Among the favourites was khao man gai (Hainanese-style chicken and rice). Normally, the Hainanese vendors began cooking the food hours before dawn and started selling at 5am. Some famous khao man gai shops sold out their chicken rice before 9am.

At lunchtime, office workers often had a one-dish meal such as noodles, kui tio rad na (rice noodles with pork in gravy), pad si eew (fried noodles), khao moo daeng (rice with Chinese red pork) or khao na ped (rice with grilled duck topped with sauce). In the past, noodle shops were open during the day only. Noodles were not available in the morning.

Locals eat and wander the Train Night Market Ratchada in Bangkok. (Photo by David Rama Terrazas Morales)

Food which was considered exotic to Bangkokians decades ago was the Isan dish gai yang with som tam (grilled chicken and papaya salad). It was popular among office workers but there were not many shops then. Most were simple shelters in a narrow passage offering grilled chicken, papaya salad, larb nuea (spicy minced-beef salad), nam tok nuea (hot and spicy beef salad), grilled beef and bamboo-shoot soup. Pork was not on the menu then. With only an hour's break, workers made an effort travelling to the places and had lunch there.

When the adults returned home in the evening, most had dinner prepared for them. Those who wished to eat outside might go for raan khao tom (rice soup), operated by Chinese chefs who prepared a range of dishes such as tom chab chai (mixed vegetable soup), snakehead fish soup with pickled Chinese cabbage and galangal, steamed nam dok mai fish, deep-fried bai kanoon fish, stir-fried chicken with ginger, stir-fried shark fillet with ginger, boiled chicken or boiled duck Chinese-style. The raan khao tom is also a place where people working the night shift came to eat before work.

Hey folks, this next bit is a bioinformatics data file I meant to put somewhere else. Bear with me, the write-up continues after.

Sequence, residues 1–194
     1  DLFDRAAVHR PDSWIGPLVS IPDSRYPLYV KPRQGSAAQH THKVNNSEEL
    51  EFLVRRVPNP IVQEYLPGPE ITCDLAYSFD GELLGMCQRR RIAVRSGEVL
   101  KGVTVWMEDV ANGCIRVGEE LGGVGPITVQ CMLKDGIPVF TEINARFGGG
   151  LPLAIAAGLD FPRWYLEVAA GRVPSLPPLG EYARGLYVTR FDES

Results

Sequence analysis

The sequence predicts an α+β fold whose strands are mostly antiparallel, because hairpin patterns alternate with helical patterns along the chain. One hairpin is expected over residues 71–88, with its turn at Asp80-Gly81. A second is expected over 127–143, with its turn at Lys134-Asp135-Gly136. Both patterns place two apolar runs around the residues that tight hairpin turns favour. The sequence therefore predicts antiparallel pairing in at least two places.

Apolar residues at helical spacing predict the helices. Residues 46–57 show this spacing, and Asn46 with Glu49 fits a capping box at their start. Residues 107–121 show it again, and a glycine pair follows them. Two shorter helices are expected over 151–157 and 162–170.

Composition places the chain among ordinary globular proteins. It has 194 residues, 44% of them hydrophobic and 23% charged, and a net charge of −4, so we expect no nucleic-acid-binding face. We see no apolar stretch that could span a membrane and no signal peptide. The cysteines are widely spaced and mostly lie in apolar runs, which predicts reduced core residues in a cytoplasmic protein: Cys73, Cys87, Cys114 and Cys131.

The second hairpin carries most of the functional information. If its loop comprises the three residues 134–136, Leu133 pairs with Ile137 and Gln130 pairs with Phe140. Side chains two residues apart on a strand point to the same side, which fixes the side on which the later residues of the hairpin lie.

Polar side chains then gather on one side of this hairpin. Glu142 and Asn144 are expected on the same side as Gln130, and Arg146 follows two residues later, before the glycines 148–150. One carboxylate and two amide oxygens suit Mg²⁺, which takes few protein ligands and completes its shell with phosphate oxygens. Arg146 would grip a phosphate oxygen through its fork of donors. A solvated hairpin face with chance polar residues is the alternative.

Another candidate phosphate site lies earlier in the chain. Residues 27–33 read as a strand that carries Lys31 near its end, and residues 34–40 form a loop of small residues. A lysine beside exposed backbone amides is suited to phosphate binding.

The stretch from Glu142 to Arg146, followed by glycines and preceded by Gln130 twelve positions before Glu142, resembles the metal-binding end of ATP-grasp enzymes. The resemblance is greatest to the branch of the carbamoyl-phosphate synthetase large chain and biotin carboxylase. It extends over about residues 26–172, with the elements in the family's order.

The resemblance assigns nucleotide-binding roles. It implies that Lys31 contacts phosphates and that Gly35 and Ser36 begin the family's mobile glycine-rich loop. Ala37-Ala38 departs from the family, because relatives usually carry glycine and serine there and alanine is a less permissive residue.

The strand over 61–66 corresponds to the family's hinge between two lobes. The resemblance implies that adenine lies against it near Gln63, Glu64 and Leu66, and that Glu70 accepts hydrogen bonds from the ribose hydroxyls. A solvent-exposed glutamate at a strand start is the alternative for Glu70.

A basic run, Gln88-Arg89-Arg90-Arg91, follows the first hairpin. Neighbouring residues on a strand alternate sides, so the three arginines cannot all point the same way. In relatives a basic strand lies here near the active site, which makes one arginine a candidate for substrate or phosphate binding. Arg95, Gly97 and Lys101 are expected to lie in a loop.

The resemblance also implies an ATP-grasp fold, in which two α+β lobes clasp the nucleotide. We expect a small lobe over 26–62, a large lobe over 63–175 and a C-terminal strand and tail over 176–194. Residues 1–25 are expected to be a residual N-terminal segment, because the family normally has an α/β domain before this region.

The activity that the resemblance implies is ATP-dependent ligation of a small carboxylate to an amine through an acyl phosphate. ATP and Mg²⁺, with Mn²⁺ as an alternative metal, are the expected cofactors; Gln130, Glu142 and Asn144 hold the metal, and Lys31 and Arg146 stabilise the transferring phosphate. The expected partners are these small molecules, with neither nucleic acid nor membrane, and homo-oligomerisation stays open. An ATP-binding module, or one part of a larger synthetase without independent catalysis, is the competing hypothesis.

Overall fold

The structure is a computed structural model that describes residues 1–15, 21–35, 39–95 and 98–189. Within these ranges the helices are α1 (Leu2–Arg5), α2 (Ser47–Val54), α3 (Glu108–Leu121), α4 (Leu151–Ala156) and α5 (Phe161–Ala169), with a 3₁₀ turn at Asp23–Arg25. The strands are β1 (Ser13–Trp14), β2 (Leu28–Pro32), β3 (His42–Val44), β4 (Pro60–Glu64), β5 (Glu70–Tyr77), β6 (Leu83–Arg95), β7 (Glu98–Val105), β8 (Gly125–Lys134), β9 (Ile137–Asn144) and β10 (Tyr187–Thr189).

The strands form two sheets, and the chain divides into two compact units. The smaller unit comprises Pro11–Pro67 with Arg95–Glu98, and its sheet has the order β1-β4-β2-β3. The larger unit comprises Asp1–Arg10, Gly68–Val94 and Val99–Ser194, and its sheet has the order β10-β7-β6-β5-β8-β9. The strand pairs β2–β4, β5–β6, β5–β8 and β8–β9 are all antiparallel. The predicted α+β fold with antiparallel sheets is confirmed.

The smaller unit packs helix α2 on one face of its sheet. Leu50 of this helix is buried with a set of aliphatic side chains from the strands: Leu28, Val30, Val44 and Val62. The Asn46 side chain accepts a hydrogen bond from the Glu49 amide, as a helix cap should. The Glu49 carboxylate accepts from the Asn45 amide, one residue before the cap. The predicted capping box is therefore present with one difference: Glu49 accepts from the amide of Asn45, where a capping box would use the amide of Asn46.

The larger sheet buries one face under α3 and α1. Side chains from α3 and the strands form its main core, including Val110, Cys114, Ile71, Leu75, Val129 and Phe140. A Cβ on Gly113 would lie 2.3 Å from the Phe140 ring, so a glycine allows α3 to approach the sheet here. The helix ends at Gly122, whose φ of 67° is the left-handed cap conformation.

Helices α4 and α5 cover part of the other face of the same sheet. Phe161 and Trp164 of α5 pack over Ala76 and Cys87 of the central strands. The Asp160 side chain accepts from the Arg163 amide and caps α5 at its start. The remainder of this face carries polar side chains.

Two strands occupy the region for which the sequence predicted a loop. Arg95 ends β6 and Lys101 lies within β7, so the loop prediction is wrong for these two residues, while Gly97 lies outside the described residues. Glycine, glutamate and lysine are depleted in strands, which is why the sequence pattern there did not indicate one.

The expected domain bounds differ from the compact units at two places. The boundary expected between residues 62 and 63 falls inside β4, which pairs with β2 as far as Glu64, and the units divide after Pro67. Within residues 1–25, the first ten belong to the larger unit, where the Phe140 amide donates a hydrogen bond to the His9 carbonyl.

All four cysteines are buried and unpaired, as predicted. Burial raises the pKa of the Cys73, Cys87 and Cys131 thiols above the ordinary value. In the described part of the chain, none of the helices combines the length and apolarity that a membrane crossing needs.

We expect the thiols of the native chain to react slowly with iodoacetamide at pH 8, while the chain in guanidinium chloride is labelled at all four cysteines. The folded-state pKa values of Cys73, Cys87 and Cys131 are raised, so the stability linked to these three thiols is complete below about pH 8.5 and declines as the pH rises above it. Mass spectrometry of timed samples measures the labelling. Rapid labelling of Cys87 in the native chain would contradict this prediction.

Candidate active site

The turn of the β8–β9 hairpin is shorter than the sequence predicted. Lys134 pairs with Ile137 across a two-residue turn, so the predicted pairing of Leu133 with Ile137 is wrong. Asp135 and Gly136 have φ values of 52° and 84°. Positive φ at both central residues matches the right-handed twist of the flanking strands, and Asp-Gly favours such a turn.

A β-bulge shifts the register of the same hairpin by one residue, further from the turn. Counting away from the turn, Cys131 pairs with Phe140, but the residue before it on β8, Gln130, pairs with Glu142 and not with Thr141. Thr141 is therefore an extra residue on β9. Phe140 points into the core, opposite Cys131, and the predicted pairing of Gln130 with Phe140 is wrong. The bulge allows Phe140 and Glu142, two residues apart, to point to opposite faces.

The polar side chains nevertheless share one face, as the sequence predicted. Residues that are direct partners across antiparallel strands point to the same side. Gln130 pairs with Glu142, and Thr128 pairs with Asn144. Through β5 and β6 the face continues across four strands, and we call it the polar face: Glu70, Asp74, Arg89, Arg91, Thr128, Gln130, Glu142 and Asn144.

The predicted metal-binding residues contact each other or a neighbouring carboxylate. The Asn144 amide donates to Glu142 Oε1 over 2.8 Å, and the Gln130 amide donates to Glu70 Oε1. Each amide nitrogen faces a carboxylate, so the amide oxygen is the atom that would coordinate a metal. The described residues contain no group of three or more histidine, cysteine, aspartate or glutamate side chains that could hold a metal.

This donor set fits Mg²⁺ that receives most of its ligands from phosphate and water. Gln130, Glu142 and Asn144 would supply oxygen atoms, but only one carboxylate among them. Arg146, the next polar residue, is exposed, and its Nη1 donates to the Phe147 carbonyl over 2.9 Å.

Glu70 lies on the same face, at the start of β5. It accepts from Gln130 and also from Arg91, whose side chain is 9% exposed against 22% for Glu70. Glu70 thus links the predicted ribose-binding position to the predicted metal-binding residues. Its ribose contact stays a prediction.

Up to the present, the eating patterns of families living in the countryside has not changed much. On the contrary, the lifestyle of the people in big cities and Bangkok have changed drastically. It is almost impossible for the younger generations to imagine what the livelihood of their parents was like 30-40 years ago.

Nowadays, Bangkok workers still have to get up and leave home very early in the morning, but it is to avoid traffic congestion. Instead of having to prepare food by themselves, those who wish to offer alms can buy food sets at the market and offer it to the monks, who are waiting right there. For parents, they can skip the hectic cooking in the morning and buy barbecue pork, deep-fried chicken wings and sticky rice for the kids to have for breakfast.

While the old-fashioned coffee shops have vanished from the scene, modern types of dining places, restaurants, food shops and food streets are mushrooming and offering all kinds of food and dishes that customers can have for breakfast, lunch and dinner or at any time they want to eat.

How livelihoods will change in another 30-40 years is really beyond our imagination.